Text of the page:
Speech Science Final

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  1. Vocal Tract: Variation in the human vocal tract by moving and positioning the articulators.
    Describe length/shape of the following:

    Tongue Elevation:
    Tongue Fronting:
    Tongue Depression:
    Lip Protrusion:
    Larynx Lowering:
    • Tongue Elevation: enlargement of the pharyngeal resonating cavity
    • Tongue Fronting: reduction of the oral resonating cavity
    • Tongue Depression: reduction of the pharyngeal resonating cavity
    • Lip protrusion: lengthening of both the oral cavity and the entire vocal tract
    • Larynx Lowering: lengthening of both the pharyngeal cavity and the entire vocal tract
  2. Sound source for vowels
    vocal fold vibration
  3. What is the Source-filter Theory?
    The generation of a sound source (sound wave), which is then shaped or filtered by the resonant properties of the vocal tract.

    Most of the filtering of a source spectrum is carried out by that part of the vocal tract anterior to the sound source. In the case of a glottal source, the filter is the entire supra-glottal vocal tract. The vocal tract filter always includes some part of the oral cavity and can also include the nasal cavity (depending upon whether the velum is open or closed).
  4. What does the Blue graph represent?

  5. What does a waveform measure?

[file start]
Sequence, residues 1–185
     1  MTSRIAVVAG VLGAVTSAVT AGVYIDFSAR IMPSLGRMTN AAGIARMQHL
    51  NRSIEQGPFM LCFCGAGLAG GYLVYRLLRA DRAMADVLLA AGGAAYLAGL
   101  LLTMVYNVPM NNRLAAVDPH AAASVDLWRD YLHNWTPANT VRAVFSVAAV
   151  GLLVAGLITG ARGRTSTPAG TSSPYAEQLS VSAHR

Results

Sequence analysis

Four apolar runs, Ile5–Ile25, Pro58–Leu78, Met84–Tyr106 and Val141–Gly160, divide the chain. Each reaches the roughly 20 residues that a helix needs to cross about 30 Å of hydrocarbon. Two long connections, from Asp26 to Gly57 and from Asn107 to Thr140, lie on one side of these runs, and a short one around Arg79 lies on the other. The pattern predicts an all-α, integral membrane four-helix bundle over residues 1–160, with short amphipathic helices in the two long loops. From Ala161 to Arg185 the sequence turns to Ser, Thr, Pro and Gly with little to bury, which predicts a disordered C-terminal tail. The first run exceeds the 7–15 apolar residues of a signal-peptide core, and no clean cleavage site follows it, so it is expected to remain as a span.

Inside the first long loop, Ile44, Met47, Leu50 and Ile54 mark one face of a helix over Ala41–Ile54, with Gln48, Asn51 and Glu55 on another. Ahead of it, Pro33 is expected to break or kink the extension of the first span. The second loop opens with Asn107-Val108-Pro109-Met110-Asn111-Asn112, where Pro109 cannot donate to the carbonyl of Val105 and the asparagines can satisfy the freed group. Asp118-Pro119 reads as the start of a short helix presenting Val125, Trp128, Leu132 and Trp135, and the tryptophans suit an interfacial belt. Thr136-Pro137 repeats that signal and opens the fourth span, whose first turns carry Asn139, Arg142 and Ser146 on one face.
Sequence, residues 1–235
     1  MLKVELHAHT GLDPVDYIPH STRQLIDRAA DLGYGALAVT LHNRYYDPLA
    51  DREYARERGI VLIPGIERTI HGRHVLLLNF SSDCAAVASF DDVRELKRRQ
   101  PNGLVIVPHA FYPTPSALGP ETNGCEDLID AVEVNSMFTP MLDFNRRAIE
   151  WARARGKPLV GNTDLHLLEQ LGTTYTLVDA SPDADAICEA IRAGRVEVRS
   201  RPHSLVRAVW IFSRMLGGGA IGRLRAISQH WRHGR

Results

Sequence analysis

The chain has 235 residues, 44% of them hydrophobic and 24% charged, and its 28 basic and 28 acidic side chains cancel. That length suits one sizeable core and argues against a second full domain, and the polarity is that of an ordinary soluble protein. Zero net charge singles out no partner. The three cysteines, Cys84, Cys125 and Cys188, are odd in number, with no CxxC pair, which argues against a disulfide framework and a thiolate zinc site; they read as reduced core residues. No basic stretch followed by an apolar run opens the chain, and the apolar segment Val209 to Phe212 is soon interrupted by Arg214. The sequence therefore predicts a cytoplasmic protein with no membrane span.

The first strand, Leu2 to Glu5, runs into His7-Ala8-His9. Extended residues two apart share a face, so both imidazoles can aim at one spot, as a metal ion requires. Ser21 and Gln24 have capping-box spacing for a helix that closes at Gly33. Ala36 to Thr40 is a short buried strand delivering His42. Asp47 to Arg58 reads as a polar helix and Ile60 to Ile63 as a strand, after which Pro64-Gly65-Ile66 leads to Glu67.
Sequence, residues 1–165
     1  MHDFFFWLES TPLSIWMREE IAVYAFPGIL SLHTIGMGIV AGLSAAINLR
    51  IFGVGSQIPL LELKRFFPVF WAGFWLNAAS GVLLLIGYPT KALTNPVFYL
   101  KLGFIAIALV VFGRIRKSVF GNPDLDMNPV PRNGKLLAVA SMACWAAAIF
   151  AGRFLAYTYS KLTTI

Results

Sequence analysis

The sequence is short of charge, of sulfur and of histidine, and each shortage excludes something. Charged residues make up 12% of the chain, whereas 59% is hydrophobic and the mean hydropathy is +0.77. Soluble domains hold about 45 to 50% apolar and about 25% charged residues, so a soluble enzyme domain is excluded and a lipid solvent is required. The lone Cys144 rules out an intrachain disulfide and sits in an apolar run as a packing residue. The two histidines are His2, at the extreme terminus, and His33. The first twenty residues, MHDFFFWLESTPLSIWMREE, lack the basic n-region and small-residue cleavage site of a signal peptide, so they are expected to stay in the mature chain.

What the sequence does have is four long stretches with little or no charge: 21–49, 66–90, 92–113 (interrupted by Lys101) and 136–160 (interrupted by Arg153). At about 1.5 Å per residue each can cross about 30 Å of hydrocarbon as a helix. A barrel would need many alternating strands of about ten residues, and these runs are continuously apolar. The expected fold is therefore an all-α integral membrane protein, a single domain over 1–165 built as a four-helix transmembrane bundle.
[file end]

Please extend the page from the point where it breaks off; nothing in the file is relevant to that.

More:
Time (X) and Amplitude (Y)
  6. What does the green graph represent?

  7. What does a Spectrum measure?
    Amplitudes (Y) of frequency (X) components at a point in time
  8. What does this graph represent?

  9. What does a Spectrogram measure?
    Time (X), Frequency (Y), and amplitude (light/dark bands)
  10. What vowel is this?

  11. What vowel is this?

  12. What vowel is this?

  13. Male or Female?

  14. Male or Female?

  15. Vowel chart

    • /i/: Maximum oral constriction
    • /a/: Maximum pharyngeal constriction
    • /ɔ, o, u/: Lip protrusion lowers resonances
  16. Model of Vocal Tract /i/

  17. Model of Vocal Tract /a/

  18. Model of vocal tract /u/

  19. F1 is correlated with vowel...
  20. F2 is correlated with vowel...
  21. High vowels = (Height) F?
    Low F1

    Enlargement of the pharyngeal resonating cavity
  22. Low vowels = (Height) F?
    High F1

    Reduction of the pharyngeal resonating cavity
  23. Front vowels = (Height) F?
    High F2

    Reduction of the oral resonating cavity
  24. Back vowels = (Height) F?
    Low F2

    Enlargement of the oral resonating cavity
  25. This model represents which spectrum of the Sound Source Model?
    Source Function

    Glottal pulses consisting of fundamental frequency and its harmonics. Harmonics tend to diminish in intensity as they increase in frequency.
  26. This model represents which spectrum of the Sound Source Model?
    Transfer Function

    Resonances of the acoustic tube (17cm). These are the frequencies at which the air in a tract of that shape and length would vibrate maximally in response to another complex sound.
  27. This model represents which spectrum of the Sound Source Model?


    The product of Source and Transfer Functions. The glottal source with its many harmonics (Source Function) is filtered according to the frequency response of the vocal tract filter (transfer function). Harmonics of the glottal sound wave that are at or near the spectral peaks of the transfer function of the vocal tract are resonated and those distant from the resonant frequencies of the tract lose energy and are greatly attenuated. The sound at the end of the tract (lips) has same harmonics as the sound source but amplitudes of harmonics have been modified.
  28. What are the sound sources of speech?
    • Voiced Source
    • Turbulent Source
    • Transient Source
    • Combined Sources